So I (write) a lot of notes… they call it “Thumb-nailing” but I don’t do any illustrations until I’m at the board, just a lot of notes and indications for myself. I then go and print out as much reference as I can, that’s needed, and then I start immediately, right onto the boards. I rough out three to five pages at a time, then finish the artwork right there. (That’s) the formula that I’ve always worked on.

The storytelling is actually the most brain-worthy part of the job, for me. This is because I want to make sure, I want it to come out to make sense, to make sure it looks like a stop-motion film. My drafting is only O.K. but the storytelling is much more important to me. I’m a better storyteller than I am an artist. I make up for it with the storytelling. I call it “Sleight of hand.” … pay attention to the storytelling, so you don’t see how bad the artwork is in this corner.

If somebody reads the book and says, “That was a great story, I really enjoyed the story” and they don’t say, “I really enjoyed the artwork” that means that I’ve done the right thing. The artwork is not the (most important part of a comic-book), it’s the story. It helps out that I can tell a story. I enjoy it. More-so than doing the artwork, to tell you the truth.

Plots and artistic input Vs. full detailed scripts

Historically DC Comics always had writers sending out full scripts; dialogue, panel by panel breakdowns, and minute detail telling artists exactly what needed to appear in each panel, and on each page.

Marvel writers tended to send out plots, and guidelines. These stated what should happen over the course of the page, and the issue as a whole, but gave the artist a lot more input. Dialogue and sound effects would then be added after the art was complete.

These divergent ways of creating comics suit different artists in different ways, but “The Marvel” way is starting to become the norm… everywhere, it seems, but Marvel, who became famous using this method.

DC is now allowing the artist to be more intrinsic to (the storytelling). Marvel, a couple of years ago, some moron – I would like to give you his name, but I won’t… though his initials are A. A. – said that artists are interchangeable, and not the most important part. The irony is that his job didn’t last long after that, because the sales of their books had declined.

DC allows the artists to be important to the process, so they give us plots now. It’s a complete reversal. DC was all about scripts, way back, I was lucky enough to start at DC working on plots. We didn’t get full scripts, per-se. It was all about us learning to tell stories, and then the writer would write the dialogue according to the artwork.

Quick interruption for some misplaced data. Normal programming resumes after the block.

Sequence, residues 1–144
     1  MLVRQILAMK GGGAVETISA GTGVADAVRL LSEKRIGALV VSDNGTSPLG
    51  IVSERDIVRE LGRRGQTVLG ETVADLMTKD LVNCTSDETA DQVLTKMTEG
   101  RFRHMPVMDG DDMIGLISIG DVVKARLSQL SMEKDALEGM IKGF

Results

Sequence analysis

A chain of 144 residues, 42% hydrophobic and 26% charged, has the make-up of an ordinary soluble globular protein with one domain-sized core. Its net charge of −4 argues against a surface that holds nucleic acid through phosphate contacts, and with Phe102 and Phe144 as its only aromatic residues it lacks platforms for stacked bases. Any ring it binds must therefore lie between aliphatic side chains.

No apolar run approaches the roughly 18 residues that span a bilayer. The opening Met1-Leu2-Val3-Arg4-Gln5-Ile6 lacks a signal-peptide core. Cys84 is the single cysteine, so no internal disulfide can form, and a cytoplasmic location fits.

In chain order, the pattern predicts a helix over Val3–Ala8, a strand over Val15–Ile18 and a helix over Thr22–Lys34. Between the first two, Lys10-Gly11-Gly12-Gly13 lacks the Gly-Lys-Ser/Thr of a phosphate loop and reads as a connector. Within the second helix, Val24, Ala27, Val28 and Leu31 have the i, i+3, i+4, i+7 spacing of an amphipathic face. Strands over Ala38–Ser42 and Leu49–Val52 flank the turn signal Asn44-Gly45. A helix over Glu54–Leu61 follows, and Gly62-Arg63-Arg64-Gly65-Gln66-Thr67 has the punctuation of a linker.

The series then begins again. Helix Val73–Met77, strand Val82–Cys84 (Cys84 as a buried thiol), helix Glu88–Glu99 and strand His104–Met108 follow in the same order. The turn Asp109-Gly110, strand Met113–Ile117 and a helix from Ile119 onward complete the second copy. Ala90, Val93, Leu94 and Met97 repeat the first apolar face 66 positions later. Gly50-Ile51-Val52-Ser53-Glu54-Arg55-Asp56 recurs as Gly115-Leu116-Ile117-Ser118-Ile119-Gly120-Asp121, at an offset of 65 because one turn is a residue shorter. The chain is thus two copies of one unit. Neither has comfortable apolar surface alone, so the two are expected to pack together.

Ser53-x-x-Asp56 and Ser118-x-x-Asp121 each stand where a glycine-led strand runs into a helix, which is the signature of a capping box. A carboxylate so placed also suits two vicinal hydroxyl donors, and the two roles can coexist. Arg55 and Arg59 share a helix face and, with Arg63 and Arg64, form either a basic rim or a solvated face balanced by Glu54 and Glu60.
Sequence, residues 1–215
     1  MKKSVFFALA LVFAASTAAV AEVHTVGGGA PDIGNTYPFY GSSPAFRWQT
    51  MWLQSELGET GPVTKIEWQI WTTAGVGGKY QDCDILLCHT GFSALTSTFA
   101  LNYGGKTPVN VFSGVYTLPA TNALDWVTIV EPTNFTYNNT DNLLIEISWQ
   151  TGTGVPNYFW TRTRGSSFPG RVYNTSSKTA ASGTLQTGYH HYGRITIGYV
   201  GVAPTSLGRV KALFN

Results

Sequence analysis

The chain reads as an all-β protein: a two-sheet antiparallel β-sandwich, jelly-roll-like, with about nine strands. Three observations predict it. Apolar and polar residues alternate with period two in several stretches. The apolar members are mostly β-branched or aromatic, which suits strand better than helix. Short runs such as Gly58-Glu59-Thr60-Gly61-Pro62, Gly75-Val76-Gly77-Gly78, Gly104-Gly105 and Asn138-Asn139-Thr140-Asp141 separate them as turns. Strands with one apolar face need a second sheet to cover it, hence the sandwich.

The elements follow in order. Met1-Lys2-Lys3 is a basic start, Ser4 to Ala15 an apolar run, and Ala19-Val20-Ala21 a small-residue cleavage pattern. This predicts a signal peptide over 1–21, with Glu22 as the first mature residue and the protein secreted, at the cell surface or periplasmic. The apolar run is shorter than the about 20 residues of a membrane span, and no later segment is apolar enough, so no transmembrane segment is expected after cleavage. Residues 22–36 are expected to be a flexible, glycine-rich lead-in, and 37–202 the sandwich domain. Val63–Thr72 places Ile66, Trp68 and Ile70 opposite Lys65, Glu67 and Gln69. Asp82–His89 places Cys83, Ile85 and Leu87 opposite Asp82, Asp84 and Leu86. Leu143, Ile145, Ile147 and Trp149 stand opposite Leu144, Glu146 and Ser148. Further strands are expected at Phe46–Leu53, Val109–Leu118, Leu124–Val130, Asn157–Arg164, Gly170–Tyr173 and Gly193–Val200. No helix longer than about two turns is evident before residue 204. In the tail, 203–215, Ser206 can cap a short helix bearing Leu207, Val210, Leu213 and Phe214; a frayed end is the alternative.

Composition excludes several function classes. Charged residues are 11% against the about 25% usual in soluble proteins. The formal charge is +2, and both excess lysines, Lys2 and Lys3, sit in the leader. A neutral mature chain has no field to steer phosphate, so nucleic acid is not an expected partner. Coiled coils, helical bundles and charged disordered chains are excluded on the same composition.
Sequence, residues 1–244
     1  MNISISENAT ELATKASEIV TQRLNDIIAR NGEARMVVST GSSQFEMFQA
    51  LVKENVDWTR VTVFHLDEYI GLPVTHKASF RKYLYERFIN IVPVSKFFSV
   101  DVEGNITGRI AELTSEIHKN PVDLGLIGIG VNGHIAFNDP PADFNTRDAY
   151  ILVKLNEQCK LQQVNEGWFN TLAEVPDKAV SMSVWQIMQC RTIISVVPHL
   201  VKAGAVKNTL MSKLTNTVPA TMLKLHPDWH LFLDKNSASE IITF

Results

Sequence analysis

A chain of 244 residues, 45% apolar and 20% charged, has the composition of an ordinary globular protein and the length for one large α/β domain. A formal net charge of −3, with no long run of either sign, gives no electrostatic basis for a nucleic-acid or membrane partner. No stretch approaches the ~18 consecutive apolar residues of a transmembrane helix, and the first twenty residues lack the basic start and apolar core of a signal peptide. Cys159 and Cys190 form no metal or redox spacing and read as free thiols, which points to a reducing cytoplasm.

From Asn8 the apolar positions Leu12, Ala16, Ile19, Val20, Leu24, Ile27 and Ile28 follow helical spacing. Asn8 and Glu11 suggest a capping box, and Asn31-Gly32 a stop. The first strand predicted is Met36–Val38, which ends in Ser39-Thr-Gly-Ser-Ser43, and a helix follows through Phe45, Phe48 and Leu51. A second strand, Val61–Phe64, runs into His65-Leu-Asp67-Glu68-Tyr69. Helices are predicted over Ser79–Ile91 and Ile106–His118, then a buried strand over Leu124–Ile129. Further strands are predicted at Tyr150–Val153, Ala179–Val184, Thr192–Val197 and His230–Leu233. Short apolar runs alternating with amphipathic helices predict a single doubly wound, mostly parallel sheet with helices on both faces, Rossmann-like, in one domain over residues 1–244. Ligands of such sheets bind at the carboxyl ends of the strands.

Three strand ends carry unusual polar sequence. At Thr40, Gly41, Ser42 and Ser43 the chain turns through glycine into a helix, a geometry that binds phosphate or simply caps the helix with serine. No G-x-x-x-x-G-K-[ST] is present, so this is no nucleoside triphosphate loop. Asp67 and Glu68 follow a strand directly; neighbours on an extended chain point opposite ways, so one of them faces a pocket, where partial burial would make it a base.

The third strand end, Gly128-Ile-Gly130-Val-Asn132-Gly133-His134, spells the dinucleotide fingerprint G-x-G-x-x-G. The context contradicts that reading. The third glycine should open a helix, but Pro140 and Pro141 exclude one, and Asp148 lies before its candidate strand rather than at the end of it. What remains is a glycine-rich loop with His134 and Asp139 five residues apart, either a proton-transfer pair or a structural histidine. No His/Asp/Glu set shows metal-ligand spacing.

That really allowed me to learn storytelling.My father helped out when I was young, but a lot of the Editor-In-Chiefs at Marvel were insistent upon storytelling. Establish it, make sure you know where you are, tell the story. That’s really how I cut my teeth on storytelling, working at Marvel at that time.

Now I have a 65 page Superman: Year One trilogy. Frank (Miller) gave me three pages of type written plot for 65 pages of artwork. It sounds intimidating, but I actually could’ve done 165… there’s so much in there! There’s so much to to play with, and I love doing that, I prefer doing it this way. Not everybody enjoys it as much as I do, but that’s the way I prefer. This no longer “The Marvel way” this is “THE way.” I prefer it that way.

Superman: Year One

I make sure that I speak to Frank about it first, but he gives me the plot and it’ll say something to the effect of… the beginning of the first issue, it’s not a retelling of the origin per-se, it’s (Frank’s) expansion on the origin. Instead of just having the baby land, then he grows to become Superboy, it’s the long process of him growing up as a struggling adolescent.

The first couple of scenes (Frank) mentions it should be “Through the eyes of the baby” and I took it literally. So, for the first several pages, as the destruction of Krypton is going on, I drew it through the eyes of the baby. Being moved around, and put into a rocket, and taking off, you don’t see the baby’s face until you see his reflection in the glass. The whole of Krypton explodes in front of the baby, and his parents have disintegrated! This was the first ten pages before he even lands on Earth! I had more fun with that than I could’ve imagined. I got ten pages out of one line.

That’s the kind of thing. I made sure I discussed it with Frank and the editors first, “Yeah… go ahead, that’s fine.” It’s great that it worked out that way. Every time that Frank would give me a line that was so weighted in story possibilities, all I had to do was call up and make sure that it was O.K. with what I had planned, and… here we are.


It gets to the point where Clark Kent enlists in the navy, because Krypton (was a world of) water, and he lands in Kansas. There’s no water in Kansas. He has dreams about the oceans on Krypton, and decides he wants to be near water again. So he enlists in the navy. Now, because he’s a physical specimen, he’s a Superman, he’s recruited into the Seals. That’s the kind of expansion; there are about 25 pages of him going through basic training! It’s a lot of fun. I had more fun with that than was imaginable.

We expand on little moments. A small indication of a vignette can blow into several pages. Ten… twenty pages.

Then he ends up in Atlantis.

I’m giving away too much. You didn’t hear any of this (stuff) from me, by the way.

There’s 200 pages of story coming up. Before he actually appears in costume there’s about 100 pages of artwork, but there is nothing in there that is boring… trust me. You have to just believe me. It’s three 65 page issues, and I’m halfway through the second issue, so I’m halfway through it.

Advice for aspiring artists

If you’re an artist it’s like being a musician; the more you practice, the better you get. That’s all there is to it.

You can just teach somebody how to be an artist. If you draw every day, just like if you play the piano every day, eventually you’re gonna be brilliant. I’m working on it. You can’t stop practising.

Get rid of your ego. There’s always somebody better, get used to it. you’ll get better if you don’t have a gigantic ego and keep worrying about whatever everyone else is doing. Concentrate on making what you’re doing the best that it can be.

I had a hell of a time at this convention. I will say that parts of it were poorly organised, but the experience of meeting Mr. Romita and some of my other favorite comics’ legends was an incredible experience.

Please be sure to check out part two of this interview over on our sister site Dark Knight News. There you will learn about his new found love for Batman, and what the Dark Knight means to him.

What do you think about this portion of the conversation? Were you as blown away by Mr. Romita’s revelations as I was? Please let us know in the comments.